So go on, drop what you’re doing, go lie in a patch of grass or sit at a cafe or wherever and just do nothing.
They say that human imagination is infinite and limitless. But consider this: can you imagine a colour outside of the visible spectrum? Most likely, you are incapable of thinking of a new colour that cannot be mapped on a standard colour chart. Interestingly, a small proportion of people can see and understand colours beyond the range that the majority of us can see.
The physiology of vision is rather complex, but essentially boils down to the retina (inside lining of the eyeball) acting as a film for the image that you see. Cells known as photoreceptors convert the visual image into electrical signals that are transmitted to the occipital lobe of the brain via the optic nerve. There are two types of photoreceptors: rod cells, which sense movement, and cone cells, which sense colour and provide sharp images (visual acuity). Human beings typically see colour by combining three primary colours: red, green and blue (known as the RGB system). There are cone cells for each primary colour. The brain processes the signals sent by each cone cells and figures out what “colour” you are seeing. Therefore, you can only perceive colours made from a combination of red, green and blue. It is easy to visualise this by playing with colour palettes on computer programs such as Photoshop.
In recent years, it has been speculated that a certain percentage of women have an extra type of cone cell that senses a different wavelength of light. Ergo, they can theoretically sense a greater range of colours compared to someone who has three types of cone cells. This condition is called tetrachromacy(“four colours”). Tetrachromacy is the opposite to colour blindness, which is caused by a deficiency or fault in one or two types of cone cells. To these people, the average person (a trichromat) will appear “colour blind”.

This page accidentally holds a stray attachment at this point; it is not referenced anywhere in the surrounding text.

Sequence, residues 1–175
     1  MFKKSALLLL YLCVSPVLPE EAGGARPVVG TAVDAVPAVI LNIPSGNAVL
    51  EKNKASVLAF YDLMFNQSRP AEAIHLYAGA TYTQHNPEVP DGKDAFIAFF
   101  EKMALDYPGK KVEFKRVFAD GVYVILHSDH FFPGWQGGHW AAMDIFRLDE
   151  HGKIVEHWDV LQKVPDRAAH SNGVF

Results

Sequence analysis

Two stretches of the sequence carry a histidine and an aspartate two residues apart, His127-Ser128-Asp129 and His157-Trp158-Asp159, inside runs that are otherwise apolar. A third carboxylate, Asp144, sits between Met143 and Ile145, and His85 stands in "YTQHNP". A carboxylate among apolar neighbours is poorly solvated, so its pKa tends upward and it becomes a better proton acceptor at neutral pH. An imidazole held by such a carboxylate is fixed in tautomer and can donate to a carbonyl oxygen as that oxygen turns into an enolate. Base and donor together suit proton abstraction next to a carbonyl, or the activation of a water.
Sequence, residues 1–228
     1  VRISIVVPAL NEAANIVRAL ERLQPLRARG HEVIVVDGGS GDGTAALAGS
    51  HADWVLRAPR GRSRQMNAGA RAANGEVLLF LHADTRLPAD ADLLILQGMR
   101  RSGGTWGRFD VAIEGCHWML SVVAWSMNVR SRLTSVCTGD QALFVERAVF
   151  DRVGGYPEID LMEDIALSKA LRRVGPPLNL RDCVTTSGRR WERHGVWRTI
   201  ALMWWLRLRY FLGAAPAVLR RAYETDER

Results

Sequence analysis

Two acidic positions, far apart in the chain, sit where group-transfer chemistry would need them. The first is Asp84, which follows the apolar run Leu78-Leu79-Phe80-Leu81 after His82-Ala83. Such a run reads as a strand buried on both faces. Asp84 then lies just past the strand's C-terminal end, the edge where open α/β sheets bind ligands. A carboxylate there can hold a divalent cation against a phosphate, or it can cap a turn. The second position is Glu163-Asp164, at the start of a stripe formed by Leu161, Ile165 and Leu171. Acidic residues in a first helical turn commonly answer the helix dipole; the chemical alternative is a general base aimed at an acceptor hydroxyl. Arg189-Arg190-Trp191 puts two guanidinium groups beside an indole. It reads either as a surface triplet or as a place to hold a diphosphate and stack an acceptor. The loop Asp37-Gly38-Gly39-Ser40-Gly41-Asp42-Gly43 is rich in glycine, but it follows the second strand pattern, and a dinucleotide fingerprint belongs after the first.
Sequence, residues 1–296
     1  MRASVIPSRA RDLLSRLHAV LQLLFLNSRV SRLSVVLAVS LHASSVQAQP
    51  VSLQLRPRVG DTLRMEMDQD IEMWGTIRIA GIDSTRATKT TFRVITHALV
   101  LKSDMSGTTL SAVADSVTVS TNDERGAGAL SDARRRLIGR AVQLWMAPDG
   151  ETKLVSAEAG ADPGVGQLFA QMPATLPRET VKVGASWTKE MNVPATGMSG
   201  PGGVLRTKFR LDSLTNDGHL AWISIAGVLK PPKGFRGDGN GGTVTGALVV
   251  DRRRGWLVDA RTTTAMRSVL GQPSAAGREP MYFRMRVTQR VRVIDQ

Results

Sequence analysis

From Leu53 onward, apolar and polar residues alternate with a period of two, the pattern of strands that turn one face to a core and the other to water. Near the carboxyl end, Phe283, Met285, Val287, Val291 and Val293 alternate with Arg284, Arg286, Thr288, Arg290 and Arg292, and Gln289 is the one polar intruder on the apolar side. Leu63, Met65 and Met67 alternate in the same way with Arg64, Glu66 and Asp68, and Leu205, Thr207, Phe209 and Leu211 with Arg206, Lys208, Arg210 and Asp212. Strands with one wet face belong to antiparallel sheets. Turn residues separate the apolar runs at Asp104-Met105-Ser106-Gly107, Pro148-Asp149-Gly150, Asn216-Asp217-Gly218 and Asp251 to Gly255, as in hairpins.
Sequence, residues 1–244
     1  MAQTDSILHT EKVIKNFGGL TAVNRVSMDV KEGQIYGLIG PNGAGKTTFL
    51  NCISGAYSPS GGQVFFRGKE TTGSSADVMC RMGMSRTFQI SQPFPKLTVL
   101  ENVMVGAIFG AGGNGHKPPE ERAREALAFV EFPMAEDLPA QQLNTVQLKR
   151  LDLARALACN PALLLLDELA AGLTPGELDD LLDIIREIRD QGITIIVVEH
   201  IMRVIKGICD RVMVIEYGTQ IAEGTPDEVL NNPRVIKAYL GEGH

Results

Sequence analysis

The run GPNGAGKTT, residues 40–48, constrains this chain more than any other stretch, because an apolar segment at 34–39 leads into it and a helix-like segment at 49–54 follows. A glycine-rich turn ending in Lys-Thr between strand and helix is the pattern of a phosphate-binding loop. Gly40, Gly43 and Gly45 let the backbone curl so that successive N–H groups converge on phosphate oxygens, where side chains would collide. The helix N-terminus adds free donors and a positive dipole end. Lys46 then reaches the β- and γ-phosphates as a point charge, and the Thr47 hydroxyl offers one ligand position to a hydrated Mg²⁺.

According to one estimate, as many as 12% of women are tetrachromats. Although there are many theoretical barriers to true tetrachromacy, there have been several documented cases of women who perceive colour in much more depth.
The ability to see an extra primary colour is more significant than just a 25% increase in the person’s colour range. An average person can see about 1 million different hues (shades of colours), while a true tetrachromat can see 100 million hues – a hundred-fold increase in the range of colours they can see. One can only wonder what kind of amazing sights a tetrachromat sees when she gazes upon a field of flowers or even a rainbow. Unfortunately, even if a tetrachromat tried to explain the colours she saw to us, we would not be able to grasp the colours as our minds would be incapable of visualising the colours, much like how describing the colour red to a blind person is impossible.